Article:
“Spain has to be on every wine list in the world, always.”
Miguel A. Torres
Told by Alvaro Palacios
The spectacular Priorat area once produced Spain's finest wines. But with Phylloxera and (civil) wars approaching, the vineyards were abandoned.
This changed when the young hippie and pioneer Álvaro Palacios decided not to work in his family winery, but to start a winery on the steep hills of Priorat with one goal: to make fine wines from a single variety, as is done at Bordeaux’s famous Château Pétrus, where he was partially trained.
"I was the apple of my father's eye, and then I left. So, I can imagine it was not nice for him." - Alvaro Palacios
Told by Fermin Hidalgo
Sherry is made in Jerez and is probably the most well-known wine style from Spain, but it fell victim to its own success with the export of sweet sherries.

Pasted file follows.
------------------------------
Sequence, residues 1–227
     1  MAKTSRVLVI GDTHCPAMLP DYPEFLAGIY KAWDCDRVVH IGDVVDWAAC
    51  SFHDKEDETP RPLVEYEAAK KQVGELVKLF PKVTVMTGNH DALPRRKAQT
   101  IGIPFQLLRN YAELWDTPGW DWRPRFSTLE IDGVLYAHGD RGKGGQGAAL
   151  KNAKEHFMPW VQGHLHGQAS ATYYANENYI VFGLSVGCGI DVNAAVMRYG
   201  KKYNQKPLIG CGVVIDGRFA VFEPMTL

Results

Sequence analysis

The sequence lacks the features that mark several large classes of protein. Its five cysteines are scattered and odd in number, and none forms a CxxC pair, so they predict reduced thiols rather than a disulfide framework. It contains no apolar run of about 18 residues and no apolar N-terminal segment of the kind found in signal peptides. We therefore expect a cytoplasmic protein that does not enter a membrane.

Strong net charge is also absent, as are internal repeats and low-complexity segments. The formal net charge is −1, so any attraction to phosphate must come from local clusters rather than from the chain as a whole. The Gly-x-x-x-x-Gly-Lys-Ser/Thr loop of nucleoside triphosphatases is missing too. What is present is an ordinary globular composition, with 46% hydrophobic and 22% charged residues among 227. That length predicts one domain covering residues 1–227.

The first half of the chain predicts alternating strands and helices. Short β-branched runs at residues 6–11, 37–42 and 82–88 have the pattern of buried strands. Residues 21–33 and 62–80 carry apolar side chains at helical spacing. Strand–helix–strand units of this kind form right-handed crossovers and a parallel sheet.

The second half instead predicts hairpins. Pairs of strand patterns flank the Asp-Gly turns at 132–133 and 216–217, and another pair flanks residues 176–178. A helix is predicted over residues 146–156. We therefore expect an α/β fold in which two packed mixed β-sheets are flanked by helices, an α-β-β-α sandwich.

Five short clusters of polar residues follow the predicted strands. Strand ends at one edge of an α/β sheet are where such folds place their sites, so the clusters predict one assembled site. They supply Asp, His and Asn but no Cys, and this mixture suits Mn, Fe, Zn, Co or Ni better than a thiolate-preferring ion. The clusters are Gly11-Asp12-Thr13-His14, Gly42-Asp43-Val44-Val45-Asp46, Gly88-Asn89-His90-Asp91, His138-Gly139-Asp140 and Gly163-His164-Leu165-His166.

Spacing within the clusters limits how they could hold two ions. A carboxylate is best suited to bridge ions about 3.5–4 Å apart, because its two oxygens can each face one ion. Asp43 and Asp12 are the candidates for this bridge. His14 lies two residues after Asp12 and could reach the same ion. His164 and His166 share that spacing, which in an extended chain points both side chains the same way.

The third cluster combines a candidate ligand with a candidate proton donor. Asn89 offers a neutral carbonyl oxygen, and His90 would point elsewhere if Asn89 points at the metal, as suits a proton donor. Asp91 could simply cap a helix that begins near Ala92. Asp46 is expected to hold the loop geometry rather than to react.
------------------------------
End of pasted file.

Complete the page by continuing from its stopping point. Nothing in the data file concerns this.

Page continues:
The old Hidalgo family produced sherry from the start and has always focused on dry types of sherry, especially Manzanilla, the driest wine in the world, because "the flor of the wine eats up all the sugar".
These wines are very popular in the sommelier scene.
"Sherry is everything. It can be an aperitif and it can finish a meal and do everything in between. But above all, it is a wine." - Christy Canterbury
Told by the Muga Family
Told by the five tall nephews of the Muga family, Tim Atkin MW and Christy Canterbury MW.
In this episode, a lot of attention is given to wood. At the Muga winery, the whole process of fermentation is done in wood. New techniques are combined with a very traditional approach.
Told by Paso de Señorans
In Rías Baixas everyone has a small vegetable garden and vines in their backyard, especially Albariño. The Mareque - Bueno family who runs Pazo Señorans, was a pioneer of Rías Baixas and issued its own appellation. Albariño is now being embraced as Spain's best white wine.
And also featuring in all WineMasters Spain episodes
Master of Wine
Master of Wine